In her new SBS documentary, Rachel Perkins travels across vast territory to capture key aspects of a war that lasted more than 100 years.
Yinika L. Perston
In a new study, archaeologists have re-discovered the role boomerangs played in retouching stone tools.
May Nango sharing stories about Mamukala wetlands with her grandson, in 2015.
Anna Florin (courtesy of GAC)
The Kakadu region has gone through immense transformation throughout history. How can archaeological food scraps tell us about how the First Australians adapted?
Australian paintings by J.W. Lewin, G.P. Harris, G.W. Evans and others, 1796-1809; State Library of NSW
A review of studies of Parramatta demonstrates an extensive deep-time archive of Indigenous activity extending over 14,000 years.
Temple of Edfu temple, Egypt.
History isn’t just learning facts. Students learn about the past by researching information and synthesising it to form an evidence-based argument. This skill is useful for a range of careers.
Author provided/The Conversation
We now have a glimpse into where early Indigenous Australians likely travelled all those tens of thousands of years ago.
Some 17,000 years ago, Aboriginal artists often depicted kangaroos, fish, birds, reptiles, echidnas and plants — especially yams.
Mike Brown and Kuyani-Adnyamathana elder Ken McKenzie exchanging viewpoints of conflicts in the Flinders Ranges in the 1850s.
Settler colonials are beginning to understand the true impacts of the criminal takeover of Indigenous lands. They are seeking to right the balance and achieve a spiritual resolution.
Opiate of Opulence, from the series Horror Has A Face, Fiona Foley, 2017.
Courtesy of Andrew Baker Art Dealer
Badtjala woman and visual artist Fiona Foley looks back at Australian history, and her own art making, in this powerful new book.
RICHARD WAINWRIGHT/AAP Image
Over the last 45 years, Aboriginal political aspirations for treaty or treaties have been met with procrastination, refusal, and denial.
An analysis of Australian history narratives in secondary school textbooks shows many still repeat the myth that Aboriginal peoples were nomadic hunter-gatherers.
Submerged in the waters off Western Australia lies an ancient site home to Aboriginal people thousands of years ago, when sea levels were lower than they are today.
There are many questions about the inquiry into the destruction of an Aboriginal heritage site, including how it will be conducted, what will be publicly disclosed and who will be protected.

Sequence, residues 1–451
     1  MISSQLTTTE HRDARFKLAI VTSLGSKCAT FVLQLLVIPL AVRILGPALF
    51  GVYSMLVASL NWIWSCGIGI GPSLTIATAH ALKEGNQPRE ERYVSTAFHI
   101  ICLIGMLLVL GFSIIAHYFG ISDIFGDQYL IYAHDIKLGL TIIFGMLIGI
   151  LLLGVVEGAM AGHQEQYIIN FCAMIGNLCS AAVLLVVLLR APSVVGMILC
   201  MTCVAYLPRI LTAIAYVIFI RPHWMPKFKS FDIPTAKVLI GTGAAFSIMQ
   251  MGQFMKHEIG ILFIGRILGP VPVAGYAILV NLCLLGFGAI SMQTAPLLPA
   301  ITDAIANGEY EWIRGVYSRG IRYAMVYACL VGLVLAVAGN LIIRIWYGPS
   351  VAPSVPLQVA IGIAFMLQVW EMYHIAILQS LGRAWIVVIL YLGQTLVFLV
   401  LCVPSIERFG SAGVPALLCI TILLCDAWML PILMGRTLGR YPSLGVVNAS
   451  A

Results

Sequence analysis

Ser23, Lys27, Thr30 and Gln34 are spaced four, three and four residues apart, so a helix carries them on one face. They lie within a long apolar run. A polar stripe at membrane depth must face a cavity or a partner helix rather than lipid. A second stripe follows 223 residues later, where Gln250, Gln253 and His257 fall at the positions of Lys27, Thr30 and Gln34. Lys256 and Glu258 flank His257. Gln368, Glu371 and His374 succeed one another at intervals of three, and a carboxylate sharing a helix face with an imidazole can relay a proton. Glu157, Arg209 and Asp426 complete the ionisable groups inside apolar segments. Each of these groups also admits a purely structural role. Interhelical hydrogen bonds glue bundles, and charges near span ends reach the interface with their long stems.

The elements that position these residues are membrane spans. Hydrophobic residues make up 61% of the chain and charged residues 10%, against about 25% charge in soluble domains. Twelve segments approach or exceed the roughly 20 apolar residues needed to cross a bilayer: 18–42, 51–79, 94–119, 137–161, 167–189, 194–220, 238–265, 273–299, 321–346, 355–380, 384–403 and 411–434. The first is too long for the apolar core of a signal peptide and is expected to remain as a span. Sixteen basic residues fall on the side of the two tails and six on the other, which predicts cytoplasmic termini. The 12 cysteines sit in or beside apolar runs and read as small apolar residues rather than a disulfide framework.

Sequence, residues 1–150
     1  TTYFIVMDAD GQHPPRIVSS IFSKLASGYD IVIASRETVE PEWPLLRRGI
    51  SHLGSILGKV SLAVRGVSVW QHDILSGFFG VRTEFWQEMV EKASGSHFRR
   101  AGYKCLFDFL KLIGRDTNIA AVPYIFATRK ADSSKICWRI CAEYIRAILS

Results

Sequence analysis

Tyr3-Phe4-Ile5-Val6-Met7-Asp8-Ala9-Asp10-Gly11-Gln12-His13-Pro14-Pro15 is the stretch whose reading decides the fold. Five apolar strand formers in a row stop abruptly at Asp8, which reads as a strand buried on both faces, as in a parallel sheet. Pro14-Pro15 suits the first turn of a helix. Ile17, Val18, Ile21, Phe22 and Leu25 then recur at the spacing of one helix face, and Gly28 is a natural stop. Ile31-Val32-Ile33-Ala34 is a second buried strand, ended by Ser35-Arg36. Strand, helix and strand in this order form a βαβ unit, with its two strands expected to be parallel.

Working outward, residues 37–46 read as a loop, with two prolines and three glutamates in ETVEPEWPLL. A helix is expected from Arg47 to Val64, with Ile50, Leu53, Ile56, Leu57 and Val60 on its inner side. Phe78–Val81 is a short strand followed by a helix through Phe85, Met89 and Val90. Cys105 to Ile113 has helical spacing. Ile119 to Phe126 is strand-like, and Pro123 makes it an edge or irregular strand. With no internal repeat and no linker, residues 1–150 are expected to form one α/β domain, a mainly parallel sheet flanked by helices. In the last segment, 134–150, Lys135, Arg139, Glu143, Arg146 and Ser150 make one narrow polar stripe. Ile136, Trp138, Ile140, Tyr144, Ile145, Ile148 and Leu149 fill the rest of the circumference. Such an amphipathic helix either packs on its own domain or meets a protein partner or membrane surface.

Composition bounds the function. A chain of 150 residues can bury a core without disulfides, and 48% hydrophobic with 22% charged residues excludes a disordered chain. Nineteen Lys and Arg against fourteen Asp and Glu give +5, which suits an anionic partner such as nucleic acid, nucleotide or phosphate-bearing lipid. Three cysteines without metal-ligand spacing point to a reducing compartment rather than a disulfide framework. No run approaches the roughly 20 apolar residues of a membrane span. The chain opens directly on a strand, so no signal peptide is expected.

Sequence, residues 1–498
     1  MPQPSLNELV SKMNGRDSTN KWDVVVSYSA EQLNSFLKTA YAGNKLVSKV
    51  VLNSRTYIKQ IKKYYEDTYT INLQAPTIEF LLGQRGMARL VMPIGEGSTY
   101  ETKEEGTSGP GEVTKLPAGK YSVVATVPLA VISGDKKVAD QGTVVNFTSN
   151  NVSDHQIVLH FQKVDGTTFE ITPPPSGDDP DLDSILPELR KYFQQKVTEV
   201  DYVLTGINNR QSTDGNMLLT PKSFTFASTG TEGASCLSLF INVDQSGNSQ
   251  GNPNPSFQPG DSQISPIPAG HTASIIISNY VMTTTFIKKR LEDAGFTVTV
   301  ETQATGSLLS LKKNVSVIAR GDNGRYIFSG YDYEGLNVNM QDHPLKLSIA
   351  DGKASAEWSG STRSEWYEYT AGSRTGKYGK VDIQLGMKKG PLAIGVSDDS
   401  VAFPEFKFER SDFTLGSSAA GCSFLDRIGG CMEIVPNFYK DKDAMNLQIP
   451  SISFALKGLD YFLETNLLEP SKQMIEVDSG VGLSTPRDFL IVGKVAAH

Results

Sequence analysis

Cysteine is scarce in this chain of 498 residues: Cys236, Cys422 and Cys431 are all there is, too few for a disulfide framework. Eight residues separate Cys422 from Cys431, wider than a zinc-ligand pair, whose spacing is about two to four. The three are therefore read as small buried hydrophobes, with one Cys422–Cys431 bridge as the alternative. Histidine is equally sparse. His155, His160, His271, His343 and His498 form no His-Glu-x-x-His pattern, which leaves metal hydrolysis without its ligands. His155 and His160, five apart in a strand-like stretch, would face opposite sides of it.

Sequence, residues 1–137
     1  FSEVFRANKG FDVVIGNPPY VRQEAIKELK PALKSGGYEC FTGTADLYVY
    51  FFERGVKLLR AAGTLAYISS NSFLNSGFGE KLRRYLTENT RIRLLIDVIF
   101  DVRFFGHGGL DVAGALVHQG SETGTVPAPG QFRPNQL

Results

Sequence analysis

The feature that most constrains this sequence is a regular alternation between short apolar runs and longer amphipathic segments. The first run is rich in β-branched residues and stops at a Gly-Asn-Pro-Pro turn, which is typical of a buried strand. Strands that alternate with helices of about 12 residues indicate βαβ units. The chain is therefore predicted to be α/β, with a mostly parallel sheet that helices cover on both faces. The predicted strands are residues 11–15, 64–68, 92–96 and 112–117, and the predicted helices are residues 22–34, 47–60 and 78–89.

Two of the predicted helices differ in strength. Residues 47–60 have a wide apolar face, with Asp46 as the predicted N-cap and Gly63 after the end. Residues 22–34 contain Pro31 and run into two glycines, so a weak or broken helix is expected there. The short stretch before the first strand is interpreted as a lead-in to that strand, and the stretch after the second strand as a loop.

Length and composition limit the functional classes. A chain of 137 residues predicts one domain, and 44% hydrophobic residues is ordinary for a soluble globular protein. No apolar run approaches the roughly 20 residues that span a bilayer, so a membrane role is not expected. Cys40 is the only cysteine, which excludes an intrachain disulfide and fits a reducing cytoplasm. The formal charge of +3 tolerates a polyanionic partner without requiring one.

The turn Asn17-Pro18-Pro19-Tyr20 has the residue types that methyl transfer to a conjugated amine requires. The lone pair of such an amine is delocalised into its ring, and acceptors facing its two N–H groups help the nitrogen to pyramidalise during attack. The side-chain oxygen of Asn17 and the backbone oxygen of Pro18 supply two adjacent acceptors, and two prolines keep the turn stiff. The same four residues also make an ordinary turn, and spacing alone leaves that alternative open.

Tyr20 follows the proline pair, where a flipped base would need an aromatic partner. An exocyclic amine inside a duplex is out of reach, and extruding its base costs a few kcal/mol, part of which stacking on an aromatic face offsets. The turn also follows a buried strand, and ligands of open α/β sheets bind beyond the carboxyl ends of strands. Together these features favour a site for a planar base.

This sketch depicts the Waterloo Creek massacre (also known as the Slaughterhouse Creek massacre), part of the conflict between mounted police and Indigenous Australians in 1838.
Godfrey Charles Mundy/National Library of Australia
Police played a unique role in many settler colonies executing assimilationist policies designed to dismantle First Nations families.
In 1891 a ‘Slave Map of Modern Australia’ was printed in the British Anti-Slavery Reporter.
Prime Minister Scott Morrison’s statement that ‘there was no slavery in Australia’ is at odds with the historical record.
Juukan Gorge photographed May 15.
Puutu Kunti Kurrama And Pinikura Aboriginal Corporation
The destruction of the 46,000 year old site Juukan Gorge forces us to confront archaeology and history in Australia.
Rangers from Kanyirninpa Jukurrpa, conducting cool season burning on Martu Country.
Tony Jupp,The Nature Conservancy
The bushfire royal commission will look at incorporating Aboriginal knowledge into mainstream fire management. But in practice, what does that mean?
‘The Founding of Australia 1788’, an oil painting by Algernon Talmage.
Mitchell Library, State Library of New South Wales
Britain had an urgent problem after it lost its American colonies: where to send its convicts. It settled on NSW after rejecting other options, but the new spot didn’t exactly live up to its billing.
Uncle Fred Deeral as little old man in the film The Message, by Zakpage, to be shown at the National Museum of Australia in April. Nik Lachajczak of Zakpage
An honest reckoning with Captain Cook’s legacy won’t heal things overnight. But it’s a start.
The Conversation 41.4 MB (download)
The impact of 1770 has never eased for Aboriginal people. It was a collision of catastrophic proportions.
A scene from the author’s film The Message, commissioned by the National Museum of Australia. At the first encounter in Botany Bay, two Gweagal warriors threw stones and spears at Cook, saying ‘warrawarrawa’, meaning ‘they are all dead’.
Nik Lachajczak of Zakpage
Incidents from Cook’s first voyage highlight themes relevant in Indigenous-settler relations today: environmental care, reconciliation and governance. This collision of beliefs, it seems, wasn’t lost on Cook.